Late last night I listened to the fourth and final part of Michael Palin’s diaries. I had started listening to them a few days ago, and had been happily dipping in and out of the four hour-long recordings ever since. In the last part, Palin tells of the rise of Python, the writing of The Life of Brian and the reception it got once it was made. I found it rather fascinating, and it made me want to get my as-yet-unopened copy of the book off the bookshelf. You can argue that Python played quite an important role in British cultural history, clearing the way for so much that followed. Without Python, would we have had Blackadder, the fast show, or so many other things which were clearly influenced by messres Cleese, Chapman, Palin, Jones, Idle and Gilliam?
I also found Palin’s diary entries rather poignant; there is a sort of dramatic irony to them. Reading or listening to them these days is somewhat bittersweet, as we know now what was to follow. For instance, Palin regularly notes, especially towards the end, Graham Chapman’s failing health and slow drift into alcoholism, unaware of the tragedy which that heralded. On the other hand, he also speculates about what was ahead: he mentions travelling once or twice, which I found quite amusing. I also liked hearing him wonder about ‘the death of Python’, noting how he thought that it was time to put an end to that period of his life, not knowing that Python wouldn’t die (if indeed it has) until 20 July, 2014.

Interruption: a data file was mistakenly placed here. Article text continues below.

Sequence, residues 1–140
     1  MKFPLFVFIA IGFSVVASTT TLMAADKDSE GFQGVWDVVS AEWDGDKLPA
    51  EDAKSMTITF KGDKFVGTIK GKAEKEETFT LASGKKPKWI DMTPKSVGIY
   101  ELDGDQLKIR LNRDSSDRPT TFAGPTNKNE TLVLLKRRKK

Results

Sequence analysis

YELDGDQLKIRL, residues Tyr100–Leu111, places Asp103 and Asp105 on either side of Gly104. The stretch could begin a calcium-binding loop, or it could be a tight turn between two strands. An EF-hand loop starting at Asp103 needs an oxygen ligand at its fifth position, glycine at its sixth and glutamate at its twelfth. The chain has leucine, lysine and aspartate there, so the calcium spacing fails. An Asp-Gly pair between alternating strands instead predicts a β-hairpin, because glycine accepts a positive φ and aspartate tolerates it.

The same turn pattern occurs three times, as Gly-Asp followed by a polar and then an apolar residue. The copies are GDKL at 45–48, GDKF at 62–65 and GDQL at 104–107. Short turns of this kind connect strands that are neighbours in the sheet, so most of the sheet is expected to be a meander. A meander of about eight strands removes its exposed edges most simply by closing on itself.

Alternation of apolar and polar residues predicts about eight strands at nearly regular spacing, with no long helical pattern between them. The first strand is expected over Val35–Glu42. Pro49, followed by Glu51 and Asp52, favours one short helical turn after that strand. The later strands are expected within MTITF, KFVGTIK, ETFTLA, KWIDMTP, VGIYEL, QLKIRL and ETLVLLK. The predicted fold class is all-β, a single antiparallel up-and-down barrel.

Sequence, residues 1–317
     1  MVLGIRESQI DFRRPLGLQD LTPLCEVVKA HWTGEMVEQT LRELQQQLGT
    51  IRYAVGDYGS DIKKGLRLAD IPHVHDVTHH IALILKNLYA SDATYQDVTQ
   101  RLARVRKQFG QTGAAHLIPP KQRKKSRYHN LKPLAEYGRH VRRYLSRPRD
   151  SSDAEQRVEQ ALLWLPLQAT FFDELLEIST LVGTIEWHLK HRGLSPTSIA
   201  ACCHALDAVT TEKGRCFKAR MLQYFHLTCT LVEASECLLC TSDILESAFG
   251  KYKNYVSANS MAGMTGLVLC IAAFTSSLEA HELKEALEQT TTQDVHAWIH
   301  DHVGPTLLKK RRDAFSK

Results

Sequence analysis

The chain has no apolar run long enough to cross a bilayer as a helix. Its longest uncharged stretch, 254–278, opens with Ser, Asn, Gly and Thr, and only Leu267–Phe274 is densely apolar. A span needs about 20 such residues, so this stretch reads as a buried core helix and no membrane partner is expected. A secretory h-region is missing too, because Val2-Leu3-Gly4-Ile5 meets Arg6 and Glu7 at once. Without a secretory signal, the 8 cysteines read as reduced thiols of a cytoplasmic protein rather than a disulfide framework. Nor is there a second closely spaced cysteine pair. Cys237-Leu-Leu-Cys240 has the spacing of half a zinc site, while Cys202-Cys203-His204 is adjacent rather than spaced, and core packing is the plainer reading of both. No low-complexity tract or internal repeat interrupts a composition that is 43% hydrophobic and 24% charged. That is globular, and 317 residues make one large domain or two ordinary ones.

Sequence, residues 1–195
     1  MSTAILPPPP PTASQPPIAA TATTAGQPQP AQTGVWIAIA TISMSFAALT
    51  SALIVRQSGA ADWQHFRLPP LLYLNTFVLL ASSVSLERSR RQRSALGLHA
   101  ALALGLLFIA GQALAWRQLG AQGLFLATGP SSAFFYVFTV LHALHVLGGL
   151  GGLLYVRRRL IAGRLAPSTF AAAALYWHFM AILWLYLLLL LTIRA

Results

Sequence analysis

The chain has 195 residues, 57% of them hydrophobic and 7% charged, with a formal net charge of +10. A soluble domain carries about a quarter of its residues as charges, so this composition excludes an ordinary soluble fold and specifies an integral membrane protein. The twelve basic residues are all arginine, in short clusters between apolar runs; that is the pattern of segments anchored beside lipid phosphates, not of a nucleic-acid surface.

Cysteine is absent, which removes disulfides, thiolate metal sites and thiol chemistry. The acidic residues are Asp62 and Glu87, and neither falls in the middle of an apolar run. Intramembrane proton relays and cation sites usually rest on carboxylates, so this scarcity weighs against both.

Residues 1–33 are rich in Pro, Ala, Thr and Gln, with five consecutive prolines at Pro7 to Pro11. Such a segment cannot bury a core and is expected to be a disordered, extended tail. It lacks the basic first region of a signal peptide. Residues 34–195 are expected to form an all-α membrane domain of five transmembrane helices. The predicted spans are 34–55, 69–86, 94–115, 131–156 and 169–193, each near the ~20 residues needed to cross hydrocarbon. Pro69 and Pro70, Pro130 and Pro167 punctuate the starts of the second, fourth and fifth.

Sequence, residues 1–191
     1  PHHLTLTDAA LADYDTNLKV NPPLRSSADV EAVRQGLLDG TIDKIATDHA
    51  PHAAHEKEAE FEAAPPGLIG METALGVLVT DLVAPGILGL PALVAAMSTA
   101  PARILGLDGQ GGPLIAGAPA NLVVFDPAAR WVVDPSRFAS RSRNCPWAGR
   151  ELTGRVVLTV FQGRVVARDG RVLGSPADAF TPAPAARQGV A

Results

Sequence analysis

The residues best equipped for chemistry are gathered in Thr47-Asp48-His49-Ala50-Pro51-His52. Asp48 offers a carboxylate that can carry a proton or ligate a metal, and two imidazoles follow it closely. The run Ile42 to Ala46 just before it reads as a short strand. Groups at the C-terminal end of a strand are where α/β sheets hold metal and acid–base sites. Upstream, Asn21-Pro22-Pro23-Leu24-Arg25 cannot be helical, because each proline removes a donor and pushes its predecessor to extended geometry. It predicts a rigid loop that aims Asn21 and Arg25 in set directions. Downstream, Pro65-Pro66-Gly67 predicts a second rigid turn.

Thus one gets pleasure from knowing more than the writer, but that is surely the irony of reading any diary, journal, or indeed blog. You know the next part of the story, so you both pity their naivite and envy their innocence. Most of all, though, you find pleasure in being afforded a glimpse of another person’s life, and to glimpse a life as interesting as Palin’s is a treat indeed.